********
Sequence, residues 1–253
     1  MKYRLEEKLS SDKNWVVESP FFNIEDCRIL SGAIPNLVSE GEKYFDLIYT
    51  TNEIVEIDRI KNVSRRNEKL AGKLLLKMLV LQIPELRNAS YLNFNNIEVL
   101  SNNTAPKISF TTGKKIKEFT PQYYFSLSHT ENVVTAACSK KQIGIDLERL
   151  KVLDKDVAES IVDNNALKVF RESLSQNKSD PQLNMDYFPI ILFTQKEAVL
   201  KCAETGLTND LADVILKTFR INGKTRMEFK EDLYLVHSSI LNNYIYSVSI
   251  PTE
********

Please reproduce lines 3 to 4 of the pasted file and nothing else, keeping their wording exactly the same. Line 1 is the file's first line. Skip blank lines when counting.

    51  TNEIVEIDRI KNVSRRNEKL AGKLLLKMLV LQIPELRNAS YLNFNNIEVL
   101  SNNTAPKISF TTGKKIKEFT PQYYFSLSHT ENVVTAACSK KQIGIDLERL